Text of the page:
All 4 issues of Frank Miller’s Batman: Year One is essential, as is the complete All-Star Superman. Anyone with even a little curiosity should check out the Zuda section and sample their more interesting titles. A huge chunk of Warren Ellis’ classic Planetary is also available, including the supersized (and super fantastic) Planetary/Batman issue.
BOOM! is a relatively new publisher, but they made a splash in a big way when Mark Waid joined them as Editor in Chief. Shortly after that, Waid started publishing Irredeemable and Incorruptible, two fantastic super-hero books that got a lot of attention from the comic book press. BOOM! has more to offer than that, however.
On the downside, BOOM! doesn’t appear to offer its BOOM! Kids comics digitally, a line largely comprised of its collaborations with Disney-Pixar. In fact, their Imprint section is completely empty. Some of their licensed books are missing, as well as their collections of original graphic novels, reprints and one-shots.
(Update: While BOOM! publishes the Disney * Pixar comics, they are offered digitally by Disney themselves on their own comics app. Want to see Mark Waid do Pixar? Download the Disney Digicomics app!)
Mark Waid’s two core books for the company – Incorruptible and Irredeemable – are both available on here in near-completion, only two months behind, while Waid’s lesser-known but still enjoyable Potter’s Field is also complete. Recent high-profile mini-series’ Unthinkable and Hexed are also here in completion.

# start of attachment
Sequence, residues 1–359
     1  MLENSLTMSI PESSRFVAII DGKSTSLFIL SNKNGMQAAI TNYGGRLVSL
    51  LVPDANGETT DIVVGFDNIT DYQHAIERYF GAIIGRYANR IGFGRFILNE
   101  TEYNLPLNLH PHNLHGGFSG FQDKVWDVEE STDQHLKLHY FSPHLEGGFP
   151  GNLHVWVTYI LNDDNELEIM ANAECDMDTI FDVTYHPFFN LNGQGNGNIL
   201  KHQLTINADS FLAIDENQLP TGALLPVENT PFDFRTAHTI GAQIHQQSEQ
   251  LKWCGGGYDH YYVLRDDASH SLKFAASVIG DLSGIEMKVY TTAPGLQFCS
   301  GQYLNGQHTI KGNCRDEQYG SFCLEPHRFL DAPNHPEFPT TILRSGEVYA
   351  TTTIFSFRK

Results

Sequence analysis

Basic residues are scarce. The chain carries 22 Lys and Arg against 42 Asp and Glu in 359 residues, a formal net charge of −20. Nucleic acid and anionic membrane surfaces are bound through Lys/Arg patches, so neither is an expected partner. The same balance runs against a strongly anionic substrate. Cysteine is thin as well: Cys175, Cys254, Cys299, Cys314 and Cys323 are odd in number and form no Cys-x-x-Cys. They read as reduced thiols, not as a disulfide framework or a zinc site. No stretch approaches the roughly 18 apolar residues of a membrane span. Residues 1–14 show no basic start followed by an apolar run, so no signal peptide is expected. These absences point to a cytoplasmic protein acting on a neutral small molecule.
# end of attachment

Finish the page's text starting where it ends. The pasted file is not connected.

While Image uses the same general format as Marvel, DC and BOOM!, they have a few additional features. They get their books up quickly and reliably, but it’s more than that: Image is the only company to offer trades of major titles. For 4.99$, you can download the first or second Invincible trades. For 9.99$ each, you can get the first 11 collections of The Walking Dead. Offering bigger, packaged downloads at a discount is an interesting strategy for digital downloads, and I’d be very interested to know the sales figures for these.
Image’s Imprints feature is also extremely complete, offering a full range of books from Image, Shadowline, Sky Bound and Top Cow, including most of their major hits like The Walking Dead. Image offers a wide variety of books at the standard price in a number of genres. If you’re looking to get into digital comics, Image has the unmissable download.
This one’s obvious: The Walking Dead. Invincible. Chew. Up to date and at competitive prices. Go and be merry.
IDW is the only major company here to use a different format for their comics. Their app is no more convenient than the others, but it DOES appear to be significantly slower to load images and new pages – and, unfortunately, to download books. It’s far from bad, but it is a noticeable slowdown, something that hurts it in the long run.